Aspen climbers get playground back
Climbers of all abilities likely will be able to return by September to a favorite old stomping ground where Aspenites used to flock 25 years ago.
Gold Butte, just downstream from Stein Park along McLain Flats Road, was acquired in January by Pitkin County with the intent of getting climbers back on the Entrada Sandstone slopes by fall. The Pitkin County Open Space and Trails Board of Trustees will review a management plan for the area at its meeting Thursday. If it is approved, interested climbers and volunteers from a Boulder-based organization called Access Fund will have a green light to undertake the work necessary to reopen the long-abandoned area, said Gary Tennenbaum, assistant director of the open space program.
“The basic goal of this is to get climbing back open to the public,” Tennenbaum said. “It’s not the next El Dorado Canyon, but it’s nice climbing right next to Aspen.”
El Dorado Canyon is prime climbing ground outside Boulder. Gold Butte is a unique acquisition for Pitkin County Open Space and Trails.
“It’s our first foray into rock climbing,” Tennenbaum said. “It’s going to be one of those little gems that people find right in Aspen.”
Getting Gold Butte open has been a longtime goal of Bob Wade, a climber and owner of Ute Mountaineer in Aspen.
“We really haven’t been able to climb there for 25 years,” he said.
Henry Stein and his family owned Gold Butte. After Stein’s death, it became off-limits to climbers because of potential liability for accidents. But in the 1970s and early ’80s, it was popular with climbers such as Wade, Harvey Carter, Michael Kennedy and Lou Dawson. They and others pioneered more than 40 routes that climb 40 to 80 feet up the soft rock.
There are routes for climbers of all abilities, Wade said. Some routes are perfect for beginners making the transition from climbing walls to the outdoors. Some pitches challenge even accomplished climbers.
“With its big, southwest-facing cirque, it can be climbable during the winter at certain times,” Wade said.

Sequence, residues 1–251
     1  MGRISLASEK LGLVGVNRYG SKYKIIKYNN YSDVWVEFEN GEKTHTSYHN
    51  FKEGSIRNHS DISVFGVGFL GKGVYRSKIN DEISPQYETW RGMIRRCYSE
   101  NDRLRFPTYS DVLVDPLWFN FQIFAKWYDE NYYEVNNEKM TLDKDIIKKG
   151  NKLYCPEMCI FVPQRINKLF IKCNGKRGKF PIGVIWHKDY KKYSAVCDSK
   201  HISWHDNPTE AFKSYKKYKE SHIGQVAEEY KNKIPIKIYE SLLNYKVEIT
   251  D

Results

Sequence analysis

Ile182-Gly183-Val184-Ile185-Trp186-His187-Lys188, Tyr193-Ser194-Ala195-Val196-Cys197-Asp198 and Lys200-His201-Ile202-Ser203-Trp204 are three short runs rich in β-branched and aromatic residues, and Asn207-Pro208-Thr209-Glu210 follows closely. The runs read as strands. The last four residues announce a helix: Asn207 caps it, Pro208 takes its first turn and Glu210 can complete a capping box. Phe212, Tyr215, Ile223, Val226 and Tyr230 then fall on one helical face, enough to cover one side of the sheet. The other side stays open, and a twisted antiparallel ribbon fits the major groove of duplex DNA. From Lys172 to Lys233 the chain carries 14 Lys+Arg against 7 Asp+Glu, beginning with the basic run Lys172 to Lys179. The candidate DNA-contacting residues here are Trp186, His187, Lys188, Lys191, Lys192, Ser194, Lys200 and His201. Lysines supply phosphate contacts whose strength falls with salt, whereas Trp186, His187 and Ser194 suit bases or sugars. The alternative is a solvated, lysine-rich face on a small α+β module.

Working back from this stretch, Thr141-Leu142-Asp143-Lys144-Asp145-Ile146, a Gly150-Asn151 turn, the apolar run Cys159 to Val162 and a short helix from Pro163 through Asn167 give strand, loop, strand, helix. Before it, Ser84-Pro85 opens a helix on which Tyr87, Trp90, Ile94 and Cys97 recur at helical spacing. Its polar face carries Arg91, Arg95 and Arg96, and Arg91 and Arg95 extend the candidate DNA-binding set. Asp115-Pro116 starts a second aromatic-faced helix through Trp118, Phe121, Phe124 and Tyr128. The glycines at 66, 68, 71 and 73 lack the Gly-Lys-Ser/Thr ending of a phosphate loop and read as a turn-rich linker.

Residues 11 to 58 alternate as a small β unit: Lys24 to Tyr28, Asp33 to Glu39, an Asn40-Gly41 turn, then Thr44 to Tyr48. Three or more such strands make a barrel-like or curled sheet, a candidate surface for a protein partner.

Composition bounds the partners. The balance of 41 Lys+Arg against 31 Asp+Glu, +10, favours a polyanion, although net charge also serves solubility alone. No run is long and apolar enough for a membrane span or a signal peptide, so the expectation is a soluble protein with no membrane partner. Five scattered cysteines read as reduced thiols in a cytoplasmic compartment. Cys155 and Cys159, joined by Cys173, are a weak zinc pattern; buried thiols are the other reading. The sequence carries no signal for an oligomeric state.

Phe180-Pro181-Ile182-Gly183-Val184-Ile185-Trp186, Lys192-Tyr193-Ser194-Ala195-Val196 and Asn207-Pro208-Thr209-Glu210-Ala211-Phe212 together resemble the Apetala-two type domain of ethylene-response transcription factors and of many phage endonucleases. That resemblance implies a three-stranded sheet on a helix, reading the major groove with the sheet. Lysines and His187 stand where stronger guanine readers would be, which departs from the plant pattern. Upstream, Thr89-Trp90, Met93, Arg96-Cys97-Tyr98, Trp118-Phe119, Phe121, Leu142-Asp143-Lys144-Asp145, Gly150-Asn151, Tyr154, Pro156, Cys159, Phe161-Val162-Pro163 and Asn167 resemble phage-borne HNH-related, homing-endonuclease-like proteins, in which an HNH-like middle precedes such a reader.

The pitches are “pretty modest” compared with many climbing areas in Colorado, he said, but what it lacks in pitch it makes up for in proximity to Aspen and world-class views. The top of Gold Butte provides a unique view of Aspen, the big peaks that surround the town and the Slaughterhouse area of the Roaring Fork River. The playground, less than a mile from Aspen’s boundary, is easily accessible by bicycle from the Rio Grande Trail.
“It’s been a long time coming,” Wade said. “For the climbing community, it’s going to see a lot of use.
“I hope people like it as much as I do.”
Assuming the management plan is approved, it will be up to Access Fund and the climbers to create access slopes, clear the climbing routes of loose and dangerous debris and place anchor bolts at the top of the routes. If Aspen-area climbers are up to the challenge, climbing could commence by September, according to Tennenbaum.
Wade is starting to rally climbers for the required volunteer work.
The open space board will review the Gold Butte management plan at 9 a.m. at the Plaza 1 meeting room.
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Carrie Besnette Hauser considers her position as president of Colorado Mountain College to be a dream job.